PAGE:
IN DEFENCE OF YOUTH WORK
‘WHAT DOES IT MEAN TO BE PROFESSIONAL IN 2016?’
A SEMINAR TO BE HELD ON FRIDAY, FEBRUARY 12
BRUNSWICK PARISH CHURCH, MANCHESTER – DIRECTIONS HERE
FROM 11.00 A.M TO 4.00 P.M.
Back in December our Facebook page witnessed a passionate debate about whether it was worth having a youth and community work degree. Inevitably this spilled over into a discussion about the merits or otherwise of the professionalisation of youth work. Contributors to the argument came from all over, including Australia and Ireland. Indeed Mick O’Brien of the newly created Irish Workers’ Association proclaimed passionately,
“We need to professionalize. We need to be seen as professionals . Youth workers need a professional standard . Youth workers need a degree. “
Not everyone agreed. Others remained concerned with the dangers of the professional agenda, one quoting from Mark Smith’s classic 1988 text, ‘Developing Youth Work’.
“A particular danger here is that people may be encouraged to take on ways of working that serve neither their interests, nor those they work with. This can happen as people adopt what are apparently the technical concerns of the professional without directly addressing what the cultural and political implications of these may be. The aim in this [informal education] approach is to increase the number and effectiveness of popular educators committed to enlarging people’s understanding of well-being, not to further the influence of bourgeois improvers, nor professionalise the area.”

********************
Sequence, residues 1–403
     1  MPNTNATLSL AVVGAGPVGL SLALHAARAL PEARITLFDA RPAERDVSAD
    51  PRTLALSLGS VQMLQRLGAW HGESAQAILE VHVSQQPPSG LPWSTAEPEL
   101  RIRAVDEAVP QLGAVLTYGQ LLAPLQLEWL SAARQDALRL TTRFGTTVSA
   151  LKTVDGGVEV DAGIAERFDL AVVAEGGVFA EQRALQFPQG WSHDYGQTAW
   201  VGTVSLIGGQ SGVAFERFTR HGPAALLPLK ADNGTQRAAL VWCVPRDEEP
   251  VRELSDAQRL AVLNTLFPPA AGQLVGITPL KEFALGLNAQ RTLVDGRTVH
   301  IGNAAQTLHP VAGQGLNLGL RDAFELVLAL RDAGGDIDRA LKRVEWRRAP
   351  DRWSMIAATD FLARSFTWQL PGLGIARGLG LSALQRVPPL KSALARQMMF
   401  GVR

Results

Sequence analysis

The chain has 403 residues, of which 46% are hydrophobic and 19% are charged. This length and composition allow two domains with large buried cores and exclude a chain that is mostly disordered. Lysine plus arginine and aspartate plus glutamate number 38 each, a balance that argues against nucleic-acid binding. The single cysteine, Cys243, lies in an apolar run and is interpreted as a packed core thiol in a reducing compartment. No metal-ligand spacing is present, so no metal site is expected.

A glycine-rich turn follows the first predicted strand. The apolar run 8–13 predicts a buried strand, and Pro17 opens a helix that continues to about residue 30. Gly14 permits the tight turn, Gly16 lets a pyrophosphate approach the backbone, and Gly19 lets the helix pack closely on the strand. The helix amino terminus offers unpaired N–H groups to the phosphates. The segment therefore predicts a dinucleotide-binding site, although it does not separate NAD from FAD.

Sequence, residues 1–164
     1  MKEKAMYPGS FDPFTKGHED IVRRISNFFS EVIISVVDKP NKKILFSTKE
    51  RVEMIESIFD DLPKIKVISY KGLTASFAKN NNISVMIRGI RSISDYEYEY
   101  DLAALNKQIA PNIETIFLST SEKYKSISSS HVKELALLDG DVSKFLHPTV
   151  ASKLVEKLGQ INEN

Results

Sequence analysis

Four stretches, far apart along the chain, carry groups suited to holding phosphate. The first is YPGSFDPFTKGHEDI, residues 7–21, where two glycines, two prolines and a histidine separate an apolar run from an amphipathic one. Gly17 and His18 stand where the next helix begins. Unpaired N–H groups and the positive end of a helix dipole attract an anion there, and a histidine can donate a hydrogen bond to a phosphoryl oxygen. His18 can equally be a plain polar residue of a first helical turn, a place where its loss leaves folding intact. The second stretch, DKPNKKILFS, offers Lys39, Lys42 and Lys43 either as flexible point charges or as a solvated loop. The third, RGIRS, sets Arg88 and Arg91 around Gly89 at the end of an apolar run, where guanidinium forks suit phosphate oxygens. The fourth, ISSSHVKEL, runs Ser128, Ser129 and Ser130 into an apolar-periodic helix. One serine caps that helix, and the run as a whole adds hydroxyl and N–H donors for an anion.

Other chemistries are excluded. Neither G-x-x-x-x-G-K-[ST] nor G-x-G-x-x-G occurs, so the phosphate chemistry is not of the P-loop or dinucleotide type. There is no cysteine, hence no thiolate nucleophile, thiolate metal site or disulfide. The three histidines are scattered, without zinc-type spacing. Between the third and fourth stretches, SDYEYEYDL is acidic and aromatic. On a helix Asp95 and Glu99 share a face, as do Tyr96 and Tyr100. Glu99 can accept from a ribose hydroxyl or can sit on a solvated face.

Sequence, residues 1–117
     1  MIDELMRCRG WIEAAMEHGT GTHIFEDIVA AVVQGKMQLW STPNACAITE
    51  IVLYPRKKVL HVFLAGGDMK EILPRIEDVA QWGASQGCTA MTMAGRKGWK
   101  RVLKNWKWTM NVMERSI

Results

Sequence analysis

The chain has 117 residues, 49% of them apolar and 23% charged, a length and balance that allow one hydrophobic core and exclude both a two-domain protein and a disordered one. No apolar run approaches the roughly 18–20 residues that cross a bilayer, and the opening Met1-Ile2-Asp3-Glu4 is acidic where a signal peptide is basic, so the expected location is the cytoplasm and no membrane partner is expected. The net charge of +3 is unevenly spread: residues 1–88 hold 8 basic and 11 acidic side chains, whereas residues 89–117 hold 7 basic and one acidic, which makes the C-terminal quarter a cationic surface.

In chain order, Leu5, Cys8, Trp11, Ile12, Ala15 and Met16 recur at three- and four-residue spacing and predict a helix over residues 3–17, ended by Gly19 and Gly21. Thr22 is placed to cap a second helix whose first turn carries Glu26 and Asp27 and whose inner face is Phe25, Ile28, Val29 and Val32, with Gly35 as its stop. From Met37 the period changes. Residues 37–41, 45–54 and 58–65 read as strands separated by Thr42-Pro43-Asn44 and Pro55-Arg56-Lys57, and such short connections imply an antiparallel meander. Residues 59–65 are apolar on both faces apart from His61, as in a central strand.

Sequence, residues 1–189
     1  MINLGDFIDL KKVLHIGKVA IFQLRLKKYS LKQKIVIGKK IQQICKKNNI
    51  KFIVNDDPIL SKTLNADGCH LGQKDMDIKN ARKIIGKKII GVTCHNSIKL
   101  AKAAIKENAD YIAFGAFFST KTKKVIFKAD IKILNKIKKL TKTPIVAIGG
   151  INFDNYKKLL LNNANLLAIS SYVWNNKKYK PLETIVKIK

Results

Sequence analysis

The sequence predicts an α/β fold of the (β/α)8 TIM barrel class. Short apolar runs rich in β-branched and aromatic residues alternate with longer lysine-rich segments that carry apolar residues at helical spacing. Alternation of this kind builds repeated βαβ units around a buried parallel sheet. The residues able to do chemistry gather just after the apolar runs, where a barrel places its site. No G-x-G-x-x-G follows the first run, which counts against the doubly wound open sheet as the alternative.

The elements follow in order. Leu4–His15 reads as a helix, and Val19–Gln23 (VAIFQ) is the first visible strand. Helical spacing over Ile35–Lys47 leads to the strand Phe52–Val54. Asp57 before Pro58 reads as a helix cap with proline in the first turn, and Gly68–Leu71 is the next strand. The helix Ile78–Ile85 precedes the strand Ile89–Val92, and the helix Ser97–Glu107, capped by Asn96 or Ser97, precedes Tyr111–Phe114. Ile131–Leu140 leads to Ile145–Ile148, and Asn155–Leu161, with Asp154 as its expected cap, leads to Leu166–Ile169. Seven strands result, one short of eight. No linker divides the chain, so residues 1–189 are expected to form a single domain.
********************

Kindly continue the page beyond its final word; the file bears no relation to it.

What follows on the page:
Within days fuel was added to the heat of the debate with the news that the Employers’ side was abandoning unilaterally the JNC agreement. Responses ranged from the anxious to the angry to the resigned. This diversity of reaction confirmed our feeling that an open and pluralist exchange about being professional in 2016 would be well worth organising.
Beginning at 11.00 the day will visit the historical context, engage with criticisms of professionalisation; explore the contemporary situation, the relationship between the training agencies, the unions, the Institute for Youth Work ; and finally look to the future.
Contributors, at the time of writing, will include:
Bernard Davies, author of ‘The History of the Youth Service’ and Susan Atkins, the NYA Education Training Standards Committee.
Nigel Pimlott, author of ‘Embracing the Passion’ and Helen Gatenby, M13 Youth Project.
Adam Muirhead, Institute of Youth Work and Janet Batsleer, author of ‘Informal Learning’.
As ever we ask you to bring your own lunch, but drinks will be provided, The cost will be £5 waged, £2 unwaged. Additional donations welcome.
To book a place contact Tony at firstname.lastname@example.org